Additional charges were filed under the Racketeer Influenced and Corrupt Organizations Act (RICO) in July 2009 by Iraqi survivors of Nisoor Square. They accuse Blackwater and chairman Erik Prince of encouraging employees to engage in a series of illegal acts "in the company's financial interests," including murder, destruction of audio and videotaped evidence, distribution of controlled substances, tax evasion, child prostitution, and weapons smuggling. The Virginia federal court consolidated this case with five similar lawsuits against Blackwater from other victims of the Nisoor Square shooting. The case is pending and updates are available on the website of the Center for Constitutional Rights, an organization representing the plaintiffs: http://www.justice.gov/opa/pr/2008/December/08-nsd-1068.html.
In December 2008, following an investigation by the FBI, the US Department of Justice filed criminal charges against five of the guards. The guards were subsequently indicted by a federal jury. A sixth guard pleaded guilty to voluntary manslaughter. The criminal trial is set to begin in February 2010, and is expected to address important questions about the role of private military contractors in war zone environments.
In November 2009, reports surfaced that shortly after the shooting, Blackwater sent bribes to government officials in Iraq to protect the company's license to operate in the country. Although it is unknown whether the bribes reached Iraqi officials, Iraq revoked Blackwater's license in Spring 2008. As of this writing, the company still works on temporary projects in Iraq. The company or its executives could face charges of obstruction of justice and violating the Foreign Corrupt Practices Act, which bans bribes to foreign officials. An investigation by the US Attorney's Office is pending.
As this case illustrates, the contracting out of military services presents a significant challenge when things go wrong. Blackwater guards had orders from the US government to be in a different location than the Nisoor Square area the day of the shooting, but the government lacked an effective way to check up on the contractors' location or ensure that they were performing their assigned tasks. According to a former company official "Blackwater had cultivated a cowboy culture that was contemptuous of government rules and regulations." The lack of oversight of contractors' operations hampers the government's ability to manage the high risk situations that occur in wars.
Working on foreign soil, private military companies do not have to adhere to the same accountability system that the military services do. The court cases initiated to hold responsible parties accountable for the Nisoor Square killings represent a much slower judicial process than military hearings, which have set policies and procedures in dealing with criminal activity in the military. As of this writing more than two years after the shooting, there have been no final decisions in any of the Blackwater court cases. Part of the delay was caused by difficulty determining which American laws applied to crimes committed in the context of a government contract. Many laws relevant to military personnel or war crimes were not written with private contractors in mind, adding another hurdle to holding companies or their employees accountable. Both the oversight and accountability issues are increasingly important as companies are engaging in contracts that call for the performance of "core" military functions, such as the provision of security services.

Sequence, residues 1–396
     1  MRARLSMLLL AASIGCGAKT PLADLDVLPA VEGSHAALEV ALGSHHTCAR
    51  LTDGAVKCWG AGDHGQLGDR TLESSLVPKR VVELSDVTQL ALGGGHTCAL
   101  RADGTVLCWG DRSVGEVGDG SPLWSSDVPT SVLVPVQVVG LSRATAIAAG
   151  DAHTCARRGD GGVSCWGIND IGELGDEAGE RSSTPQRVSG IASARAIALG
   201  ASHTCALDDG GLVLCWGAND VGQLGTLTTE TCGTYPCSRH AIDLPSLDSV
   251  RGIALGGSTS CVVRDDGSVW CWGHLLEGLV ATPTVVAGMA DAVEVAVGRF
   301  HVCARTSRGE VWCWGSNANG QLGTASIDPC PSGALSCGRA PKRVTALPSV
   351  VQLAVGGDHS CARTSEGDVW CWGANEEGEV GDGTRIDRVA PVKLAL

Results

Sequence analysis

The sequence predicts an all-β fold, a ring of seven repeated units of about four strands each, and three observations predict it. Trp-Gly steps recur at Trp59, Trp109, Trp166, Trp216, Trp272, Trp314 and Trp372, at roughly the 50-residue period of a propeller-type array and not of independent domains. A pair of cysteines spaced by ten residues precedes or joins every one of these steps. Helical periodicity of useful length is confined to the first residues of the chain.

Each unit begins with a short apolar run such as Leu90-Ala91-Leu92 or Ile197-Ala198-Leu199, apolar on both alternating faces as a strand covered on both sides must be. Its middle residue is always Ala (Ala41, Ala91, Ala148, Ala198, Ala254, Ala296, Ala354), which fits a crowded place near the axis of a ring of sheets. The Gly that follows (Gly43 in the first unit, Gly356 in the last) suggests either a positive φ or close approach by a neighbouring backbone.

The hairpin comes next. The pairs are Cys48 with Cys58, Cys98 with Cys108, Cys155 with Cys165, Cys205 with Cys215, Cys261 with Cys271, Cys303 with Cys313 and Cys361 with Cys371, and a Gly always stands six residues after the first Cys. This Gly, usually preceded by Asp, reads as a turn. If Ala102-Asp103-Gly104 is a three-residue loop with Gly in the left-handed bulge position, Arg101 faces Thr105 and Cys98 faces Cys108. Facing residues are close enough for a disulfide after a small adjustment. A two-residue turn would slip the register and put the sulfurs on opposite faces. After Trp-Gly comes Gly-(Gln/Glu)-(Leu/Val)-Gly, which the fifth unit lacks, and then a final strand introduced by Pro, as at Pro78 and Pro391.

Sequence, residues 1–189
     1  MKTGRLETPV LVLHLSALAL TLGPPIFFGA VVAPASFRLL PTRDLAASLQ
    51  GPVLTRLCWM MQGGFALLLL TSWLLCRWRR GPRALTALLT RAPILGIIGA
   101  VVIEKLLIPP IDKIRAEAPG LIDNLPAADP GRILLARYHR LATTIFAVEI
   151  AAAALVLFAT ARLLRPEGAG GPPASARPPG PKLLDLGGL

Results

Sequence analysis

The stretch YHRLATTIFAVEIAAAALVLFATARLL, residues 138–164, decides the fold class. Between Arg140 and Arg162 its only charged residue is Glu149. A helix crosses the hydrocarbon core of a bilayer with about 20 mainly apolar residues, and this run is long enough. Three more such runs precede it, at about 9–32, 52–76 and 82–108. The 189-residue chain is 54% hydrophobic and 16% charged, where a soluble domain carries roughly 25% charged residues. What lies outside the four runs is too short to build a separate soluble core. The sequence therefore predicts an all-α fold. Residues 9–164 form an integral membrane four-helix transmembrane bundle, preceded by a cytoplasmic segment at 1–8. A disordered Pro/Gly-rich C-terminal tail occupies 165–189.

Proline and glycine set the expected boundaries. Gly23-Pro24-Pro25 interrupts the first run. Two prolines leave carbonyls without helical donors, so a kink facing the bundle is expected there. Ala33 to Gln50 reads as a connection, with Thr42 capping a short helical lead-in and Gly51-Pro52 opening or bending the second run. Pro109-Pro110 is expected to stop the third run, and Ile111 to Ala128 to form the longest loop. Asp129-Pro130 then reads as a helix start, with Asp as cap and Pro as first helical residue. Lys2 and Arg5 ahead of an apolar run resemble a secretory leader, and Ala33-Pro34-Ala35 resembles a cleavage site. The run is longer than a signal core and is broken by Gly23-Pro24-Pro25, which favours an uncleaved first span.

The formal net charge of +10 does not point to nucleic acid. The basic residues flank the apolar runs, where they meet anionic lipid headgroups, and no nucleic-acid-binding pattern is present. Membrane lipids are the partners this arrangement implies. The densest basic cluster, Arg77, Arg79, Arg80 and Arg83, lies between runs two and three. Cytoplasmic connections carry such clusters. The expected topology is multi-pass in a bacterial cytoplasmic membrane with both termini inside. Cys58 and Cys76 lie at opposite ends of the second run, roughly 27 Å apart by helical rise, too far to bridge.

The allegations that Blackwater sent bribes to Iraqi officials shortly after the shooting illustrate a classic example of corruption by private contractors. Because private military companies derive a large proportion of their revenues from government contracts, bribing and other corruptive behavior may become attractive options if the company fears losing government contracts.
The shooting at Nisoor Square was not the first time Blackwater has come under scrutiny for alleged abuses.
- After a lengthy federal investigation, the State Department in November 2008 found that Blackwater shipped hundreds of automatic weapons to Iraq without the necessary permits. Some of the weapons were believed to have ended up on the country's black market, but no criminal charges have been filed.
- A congressman investigating Blackwater charged that the company evaded tens of millions of dollars in Social Security, Medicare and unemployment taxes company evaded tens of millions of dollars in Social Security, Medicare and unemployment taxes by classifying its employees as independent contractors.